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Rodriguez updates lawsuit

Rep. Ciro Rodriguez has amended his lawsuit against Henry Cuellar to allege that many people who voted in the runoff do not actually live in CD28.

The San Antonio Express-News visited some of the residences in question Monday based on information provided by Rodriguez’s attorney, Buck Wood.


Two other homes listed in the lawsuit — one littered with trash and with the front door standing off its hinges and another with a posted city application for remodeling — appeared vacant when visited by a reporter. Records show 11 people living and voting at those addresses.

At a fourth address, a resident said he did not know six people who were registered there and voted in the primary.

Texas voter eligibility requirements mandate that a person be a resident of their county at least 30 days before the election.

Rodriguez officials, who have had investigators combing Webb County since late March, said they have reason to believe the irregularities extend beyond the 500 votes they say were cast with questionable voter registration addresses.

“I believe that if we’re given a decent amount of time to investigate this case, we’re going to find more and more and more of this,” Wood said. “And we haven’t even gotten to Zapata yet.”

The Cuellar camp, meanwhile, said the allegations are more of the same misrepresentations that Rodriguez has engaged in since he lost the election, Connolly said.

“Do we think he’s uncovered some kind of grave impropriety in Webb County? No,” Connolly said. “We don’t think that’s the case at all, but until we have the chance to review the facts specifically, we can’t really address it.”

Connolly added that Cuellar’s attorneys were anticipating Wood’s strategy and plan to file a timely response by Wednesday.

Webb County Elections Administrator Oscar Villarreal said he was not aware of the Rodriguez findings.

“As far as people voting without living at a particular address, I have never heard of us having that kind of problem,” Villarreal said.

That’s just bizarre. What I’m wondering is how these alleged phantoms came to be registered in the first place. I look forward to hearing Cuellar’s response to these charges.

UPDATE: The final amended form of the lawsuit just says “in excess of 100” unqualified voters cast ballots in Webb County.

Clinging to a court decision as his last hope, Rodriguez has had investigators in the Webb County area since late March.

Campaign officials said that investigation has turned up more than 500 questionable votes, but the lawsuit alleges “in excess of 100” such irregularities occurred to ensure legal accuracy.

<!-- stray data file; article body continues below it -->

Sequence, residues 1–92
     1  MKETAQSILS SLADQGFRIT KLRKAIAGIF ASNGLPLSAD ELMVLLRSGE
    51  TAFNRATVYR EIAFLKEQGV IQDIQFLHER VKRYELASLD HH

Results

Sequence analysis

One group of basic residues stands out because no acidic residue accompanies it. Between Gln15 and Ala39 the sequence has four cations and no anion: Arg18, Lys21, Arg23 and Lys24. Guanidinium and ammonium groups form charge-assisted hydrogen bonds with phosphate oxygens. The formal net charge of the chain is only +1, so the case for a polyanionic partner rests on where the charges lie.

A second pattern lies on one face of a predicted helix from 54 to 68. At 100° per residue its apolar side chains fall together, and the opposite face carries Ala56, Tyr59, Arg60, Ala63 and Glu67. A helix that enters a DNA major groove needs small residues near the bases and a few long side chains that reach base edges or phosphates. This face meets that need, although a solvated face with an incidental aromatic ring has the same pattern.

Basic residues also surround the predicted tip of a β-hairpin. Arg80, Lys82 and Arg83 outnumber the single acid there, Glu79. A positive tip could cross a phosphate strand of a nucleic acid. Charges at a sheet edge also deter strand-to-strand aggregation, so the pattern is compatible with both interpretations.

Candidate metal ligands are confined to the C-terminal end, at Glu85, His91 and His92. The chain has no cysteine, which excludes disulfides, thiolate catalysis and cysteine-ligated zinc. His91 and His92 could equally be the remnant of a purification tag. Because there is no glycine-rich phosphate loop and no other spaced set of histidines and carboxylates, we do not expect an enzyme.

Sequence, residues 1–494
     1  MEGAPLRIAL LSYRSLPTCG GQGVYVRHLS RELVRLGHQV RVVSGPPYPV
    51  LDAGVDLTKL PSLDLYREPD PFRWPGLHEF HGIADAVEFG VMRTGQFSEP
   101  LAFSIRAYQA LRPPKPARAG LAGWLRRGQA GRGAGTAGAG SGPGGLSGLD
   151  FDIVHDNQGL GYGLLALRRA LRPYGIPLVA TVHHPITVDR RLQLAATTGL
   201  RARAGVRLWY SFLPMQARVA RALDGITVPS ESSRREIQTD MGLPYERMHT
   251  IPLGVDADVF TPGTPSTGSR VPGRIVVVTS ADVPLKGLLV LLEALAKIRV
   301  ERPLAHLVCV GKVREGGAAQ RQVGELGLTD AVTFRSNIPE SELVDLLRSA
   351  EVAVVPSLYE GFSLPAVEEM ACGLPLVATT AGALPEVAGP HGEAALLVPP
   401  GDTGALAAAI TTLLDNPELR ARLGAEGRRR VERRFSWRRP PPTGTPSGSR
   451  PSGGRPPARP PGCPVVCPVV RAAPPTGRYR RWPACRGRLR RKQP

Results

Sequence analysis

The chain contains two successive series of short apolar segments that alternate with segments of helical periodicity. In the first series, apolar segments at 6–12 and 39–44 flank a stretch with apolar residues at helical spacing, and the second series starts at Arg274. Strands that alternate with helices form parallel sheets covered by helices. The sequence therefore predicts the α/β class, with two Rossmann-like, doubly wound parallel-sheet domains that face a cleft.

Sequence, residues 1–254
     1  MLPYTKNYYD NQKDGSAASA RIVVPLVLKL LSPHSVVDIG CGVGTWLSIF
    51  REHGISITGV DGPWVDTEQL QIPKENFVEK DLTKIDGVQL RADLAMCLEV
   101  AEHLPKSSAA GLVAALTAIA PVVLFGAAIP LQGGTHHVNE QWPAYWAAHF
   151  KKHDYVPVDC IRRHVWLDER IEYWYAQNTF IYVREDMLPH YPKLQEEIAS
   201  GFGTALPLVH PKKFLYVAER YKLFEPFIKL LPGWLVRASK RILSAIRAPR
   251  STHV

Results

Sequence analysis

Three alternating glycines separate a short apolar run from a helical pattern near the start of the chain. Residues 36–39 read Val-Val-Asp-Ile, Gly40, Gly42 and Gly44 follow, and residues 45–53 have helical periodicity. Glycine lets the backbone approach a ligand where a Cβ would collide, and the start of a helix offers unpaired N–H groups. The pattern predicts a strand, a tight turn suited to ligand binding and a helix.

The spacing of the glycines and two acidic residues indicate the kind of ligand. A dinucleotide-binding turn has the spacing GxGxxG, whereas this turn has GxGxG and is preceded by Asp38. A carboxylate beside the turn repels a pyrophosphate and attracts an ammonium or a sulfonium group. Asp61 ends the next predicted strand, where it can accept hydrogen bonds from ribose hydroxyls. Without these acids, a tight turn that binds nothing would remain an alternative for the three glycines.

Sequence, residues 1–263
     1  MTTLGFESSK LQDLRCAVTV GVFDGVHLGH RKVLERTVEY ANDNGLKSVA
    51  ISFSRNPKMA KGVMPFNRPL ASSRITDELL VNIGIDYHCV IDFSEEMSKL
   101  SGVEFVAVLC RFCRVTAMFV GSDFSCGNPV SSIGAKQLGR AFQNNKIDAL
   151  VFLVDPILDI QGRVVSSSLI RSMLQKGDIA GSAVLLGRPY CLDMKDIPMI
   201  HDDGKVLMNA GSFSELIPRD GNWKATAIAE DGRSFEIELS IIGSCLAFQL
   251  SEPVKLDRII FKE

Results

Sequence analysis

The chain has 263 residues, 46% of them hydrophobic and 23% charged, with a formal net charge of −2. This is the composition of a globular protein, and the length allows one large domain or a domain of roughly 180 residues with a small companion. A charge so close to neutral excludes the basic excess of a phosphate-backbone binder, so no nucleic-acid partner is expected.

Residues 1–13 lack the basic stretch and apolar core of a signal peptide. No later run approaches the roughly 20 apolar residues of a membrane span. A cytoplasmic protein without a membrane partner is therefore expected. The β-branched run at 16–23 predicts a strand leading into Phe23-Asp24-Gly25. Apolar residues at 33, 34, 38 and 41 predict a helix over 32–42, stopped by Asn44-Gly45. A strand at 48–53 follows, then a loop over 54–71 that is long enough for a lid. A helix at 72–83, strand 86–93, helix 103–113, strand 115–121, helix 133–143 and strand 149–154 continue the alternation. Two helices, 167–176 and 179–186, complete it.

“We don’t want to say 250, for example, if it’s 249,” Puder said.

But Cuellar’s attorneys immediately seized on the 100-voter figure Tuesday, saying it is a far cry from the 500 questionable addresses the Rodriguez campaign has said they are looking into.

“This is an act of desperation,” Cuellar attorney Steve Bickerstaff said. “The original tack was to challenge the recounts (in Webb and Zapata counties), but now it’s an act of targeting individuals within a single county who they think may have voted when they weren’t eligible to.”

Bickerstaff added that the suit makes no allegations of fraud or official misconduct.

A Cuellar response will be filed with the court today in advance of a pretrial hearing Thursday in Austin.

Cuellar’s attorneys had asked that the case be dismissed based on insufficient evidence. Bickerstaff said that request stands.

“I’ve seen nothing in this (newly filed) petition to change that,” he said.

We’ll know soon enough.

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  1. William Hughes says:

    Voting irregularities are common throughout the United States. In New York City, it is not uncommon to find out that many people are registered to vote in more than one location since the Board of Elections does not update or verify the addresses of each voter. Chicago is legendary for using dead people as registered voters in their elections, again, because no one verifies the identities and locations of these people.

    This is not restricted to voters. In a Philadelphia, PA district, there is a race for state legislature where only one candidate actually lives in the area. One of the six hopefuls actually lives in New Jersey, but is also listed as living at his mother’s address.

    Until there is some method of voter verification, there will be abuses like this.

  2. Boelf says:

    An important question is what happens legally. Surely voter fraud is illegal. Serriously illegal I should hope. Are any of these voters ever charged and if so what penalties do they receive?